Thursday, July 29, 2010

Short Update

  • old broker fired ($20K down the drain) for not working our sale and costing us a sale
  • new broker hired
  • house back on the market today at a new price which will co$t us but not so much as to be unreasonable
  • new savings plans made
  • the Paragon still awaits it's mast
  • still holding...

Monday, July 19, 2010

She Won't Go to Windward

I had a conversation with a broker, the other day, about the Paragon.  He had called to ask how we were doing, to check in with us about our home sale and boat search.  Gary is a good guy and someone who took the time to let us look at boats when we were figuring out what we wanted.  He listened to us, took his time, and let us figure things out. 

When I told him that we think we have found the boat we want in the Paragon, a Hardin 45 XL, his first comment was, "She won't go to windward."

"Compared to what boat?," I asked him.

"There's a good point," he said.

He told me of knowing an owner, down in Cabo, years ago who had a Hardin.  That owner hated that boat.  He said it wouldn't go to windward.  Then Gary said that, well, it would make a pretty good liveaboard and all boats are a compromise.  We had a good discussion about the boat, why we are interested and maybe the reason the other Hardin didn't go to windward as well, maybe why the other sailor didn't like his boat, wasn't because of the boat; maybe he just wasn't a good sailor -- Gary said this.  So maybe the statement wasn't absolute and the boat isn't a wallowing unsailable barge.  It really depends on understanding a few things.

And that's the two points.

1) all boats are a compromise.


2) all boats are compared to others in features, performance, comfort, etc.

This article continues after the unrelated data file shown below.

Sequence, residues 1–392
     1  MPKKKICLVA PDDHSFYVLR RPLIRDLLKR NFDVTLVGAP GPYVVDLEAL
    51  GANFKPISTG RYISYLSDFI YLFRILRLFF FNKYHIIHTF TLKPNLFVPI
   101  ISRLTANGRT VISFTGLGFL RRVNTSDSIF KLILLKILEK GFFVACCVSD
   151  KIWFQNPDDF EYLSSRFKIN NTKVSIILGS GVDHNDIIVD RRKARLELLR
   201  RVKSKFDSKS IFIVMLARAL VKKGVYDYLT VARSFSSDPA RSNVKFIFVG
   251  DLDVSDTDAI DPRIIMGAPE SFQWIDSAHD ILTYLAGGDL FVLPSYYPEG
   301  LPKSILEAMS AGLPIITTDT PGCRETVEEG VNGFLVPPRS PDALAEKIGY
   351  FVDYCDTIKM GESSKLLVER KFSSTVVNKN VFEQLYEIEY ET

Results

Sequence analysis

This means that statements such as, "She won't go to windward" are useless unless compared to something, some metric, some standard.

It's like saying, "that motorcycle is slow." 

People who use such statements rarely provide a context for their judgment.  It's assumed that what they say is true, on it's face, by the speaker and that, often, it should not be questioned. 

I doubt a Hardin will go to windward as well as a sleek, narrow boat with a high aspect fin keel.  Fully understanding this makes the boat easier to sail -- not harder.  If I can understand the limitations of a boat (or a motorcycle for that matter), I can learn how to make the most of her positive aspects and work around the negative ones.

So the Hardin is unlikely to sail like a very modern high performance boat. 

I wonder how the modern high performance boat is in heavy weather?  How is she at anchor?  How roomy is she?  Is the deck level or sloped like so many of the racer/cruiser Benetaus we have seen?

I'm willing to give up a little sailing performance for comfort, room, the ability to lay at anchor well, the ability to take waves and not pound.

The Paragon is not perfect.  Like all boats, it's a compromise.  I maybe the last one at anchor but, maybe when we get there, we'll be the most comfortable.

So, I'll give her a good sea trial.  We will sail her, even if it takes some time to find the right wind.  If she can't sail (which I doubt -- I've seen pics of them underway in good air) then I won't own her.  I just won't expect a full keel 33K pound boat to perform like a fin keeled 20K boat.

Thursday, July 15, 2010

Home Sale

After yanking us around for a few weeks, the 'buyers' decided to "pull themselves off the market" for now.  We "might hear back from them" their realtor said.

So, still waiting on an offer we can accept.  We have an open house this Saturday between 1:00 and 2:30 (the time seems to be getting shorter -- hmmm). 

In good news, the Paragon, the boat we want is still undergoing a refit of the main mast, there are no other buyers, the current owner and I had a great talk the other day, and it's still on our radar.

So, still holding...